William Perlmutter 

June 22, 2018


Here are some benefits to transacting tokenized assets on a cryptocurrency platform. For starters, tokenized assets rapidly unlock liquidity more affordably, accurately, and collaboratively compared to financial institutions.

Transactions of tokenized assets:

  • take place immediately (by exchanging information faster than existing payment structures);
  • cut out institutional “middlemen” and their fees from the process (direct transaction);
  • are documented in a ledger to ensure transparency of transaction;
  • and diversify risk for both the buyer and seller.

As Dr. Stephen McKeon said on American television station CNBC, “you can represent an ownership stake on any asset with a token, and by doing so, you relax certain frictions to trade.” The minimization of inherent trade frictions, as listed above, is so desirable that potential investors would even pay “liquidity premiums” (also see Pearson example from part 1) to avoid exchanging property ownership in a traditional way.

What does this all mean for financial advisory? This emerging tokenized asset class (with its subclasses therein) will become, at the very least, a third option to traditional debt. Further and mentioned in the article, financial advisory will have an entirely new set of “decentralized customers” eager to participate in innovative investments offered by quickly-adopting traditional finance institutions.


There are still external and internal factors which would determine the ultimate usefulness of tokenized assets. First and foremost, many external regulatory frameworks consider tokens as a financial security instrument; the legal landscape surrounding tokenized assets continues to evolve. As Anthony Pompliano emphasized on Medium, “If you take away one thing from this guide, remember this: When Security Tokens are done correctly, they don’t skirt laws & regulations, they remove financial institutions and middlemen.” If the value-added of tokenizing assets can still be achieved by lowering the costs of transactions – even through stringent regulatory frameworks – then the future of tokenized assets looks very hopeful.

Second and related to legal frameworks, if ownership of a real estate property assumes maintenance, how are organized responses taken among tokenized ownership to ensure the property is maintained or improved? The organized response, a conferral of duties and obligations onto collective ownership, must also be inclusive. Owners must clearly understand what challenge the token attempts to overcome within the cryptosphere, as well as the rights and obligations of a tokenized asset owner. Additionally, mainstream adopters of cryptocurrencies will not have as much knowledge as those who used the blockchain early on. In such a case, the focus on community learning to make the best decision is crucial to be empowered by a true “decentralized community”.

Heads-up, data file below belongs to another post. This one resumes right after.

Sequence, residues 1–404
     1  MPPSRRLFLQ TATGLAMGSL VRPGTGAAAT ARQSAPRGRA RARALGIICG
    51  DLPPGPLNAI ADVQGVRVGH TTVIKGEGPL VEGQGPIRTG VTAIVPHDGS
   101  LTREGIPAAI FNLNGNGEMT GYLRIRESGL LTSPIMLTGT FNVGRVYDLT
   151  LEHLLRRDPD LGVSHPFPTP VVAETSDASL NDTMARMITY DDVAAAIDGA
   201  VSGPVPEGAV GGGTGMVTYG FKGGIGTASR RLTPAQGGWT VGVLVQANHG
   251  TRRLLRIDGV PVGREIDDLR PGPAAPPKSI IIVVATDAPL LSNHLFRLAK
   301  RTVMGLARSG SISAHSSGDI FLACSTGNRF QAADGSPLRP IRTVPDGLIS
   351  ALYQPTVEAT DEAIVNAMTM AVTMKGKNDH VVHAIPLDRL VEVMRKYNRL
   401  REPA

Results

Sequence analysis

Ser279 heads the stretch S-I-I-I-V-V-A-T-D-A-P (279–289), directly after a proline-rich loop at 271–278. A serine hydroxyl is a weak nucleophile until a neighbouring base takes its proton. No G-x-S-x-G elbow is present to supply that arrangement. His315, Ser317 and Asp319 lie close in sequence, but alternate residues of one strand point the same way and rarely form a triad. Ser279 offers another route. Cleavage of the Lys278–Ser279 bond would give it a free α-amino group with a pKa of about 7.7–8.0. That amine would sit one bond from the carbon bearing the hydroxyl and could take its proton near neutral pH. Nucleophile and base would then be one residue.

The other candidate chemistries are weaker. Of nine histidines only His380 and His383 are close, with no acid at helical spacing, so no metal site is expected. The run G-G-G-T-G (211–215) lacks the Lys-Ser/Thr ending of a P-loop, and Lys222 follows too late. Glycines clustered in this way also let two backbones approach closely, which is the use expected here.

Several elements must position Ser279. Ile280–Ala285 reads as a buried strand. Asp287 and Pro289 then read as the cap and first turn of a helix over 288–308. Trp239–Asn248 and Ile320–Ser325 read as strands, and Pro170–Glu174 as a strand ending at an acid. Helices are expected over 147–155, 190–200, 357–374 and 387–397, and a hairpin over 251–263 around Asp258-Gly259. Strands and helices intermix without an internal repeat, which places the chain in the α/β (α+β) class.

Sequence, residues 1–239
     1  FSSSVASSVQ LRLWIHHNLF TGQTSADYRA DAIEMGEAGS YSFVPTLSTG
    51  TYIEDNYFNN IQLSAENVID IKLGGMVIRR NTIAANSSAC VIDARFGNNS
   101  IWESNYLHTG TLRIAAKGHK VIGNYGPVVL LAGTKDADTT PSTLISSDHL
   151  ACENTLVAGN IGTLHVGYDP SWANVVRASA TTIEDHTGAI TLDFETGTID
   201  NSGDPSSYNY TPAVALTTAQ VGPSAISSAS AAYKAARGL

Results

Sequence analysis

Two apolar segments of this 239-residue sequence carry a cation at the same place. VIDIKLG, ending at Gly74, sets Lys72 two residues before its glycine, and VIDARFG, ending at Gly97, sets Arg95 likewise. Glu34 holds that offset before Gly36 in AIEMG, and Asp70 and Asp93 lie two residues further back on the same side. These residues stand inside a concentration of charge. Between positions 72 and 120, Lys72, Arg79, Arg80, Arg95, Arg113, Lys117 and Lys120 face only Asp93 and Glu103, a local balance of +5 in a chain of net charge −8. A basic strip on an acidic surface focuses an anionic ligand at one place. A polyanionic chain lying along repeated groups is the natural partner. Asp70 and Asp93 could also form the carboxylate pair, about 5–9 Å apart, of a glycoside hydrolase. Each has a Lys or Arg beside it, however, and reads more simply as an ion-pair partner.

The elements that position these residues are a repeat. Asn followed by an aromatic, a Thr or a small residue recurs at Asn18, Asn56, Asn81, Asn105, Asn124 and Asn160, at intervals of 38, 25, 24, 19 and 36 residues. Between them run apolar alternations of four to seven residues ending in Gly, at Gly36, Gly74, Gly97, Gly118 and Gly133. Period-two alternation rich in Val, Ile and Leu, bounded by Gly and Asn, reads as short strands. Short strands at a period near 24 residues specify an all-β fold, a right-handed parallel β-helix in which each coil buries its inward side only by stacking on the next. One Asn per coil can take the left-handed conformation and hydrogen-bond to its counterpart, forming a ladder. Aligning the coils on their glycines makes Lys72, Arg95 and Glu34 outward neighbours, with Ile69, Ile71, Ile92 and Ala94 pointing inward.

Third, do asset-back tokens have trusted issuers who can guarantee securely mapping digital governance while also being able to ensure real-world assets in a physical marketplace? If not, a liquidity squeeze to the market in combination with the increased interconnectedness could wreak havoc on the cryptocommunity (see the recent rumblings involving USDT as an example). Further and a pursuant step taken when tokens are not backed up with real assets, does collective ownership have some form of internal redress for damages? These represent only some of the questions needed to be answered for the tokenized asset to match expectations with reality.


Tokenized assets represent a business opportunity for investors and owners of real assets by increasing liquidity, diversifying risk, and ensuring transparency on the blockchain ledger. Although only in its infancy, tokenized asset projects have already started and are ongoing. Challenges will arise as the number of interested investors, owners, and crypto-enthusiasts increases in this emerging field.

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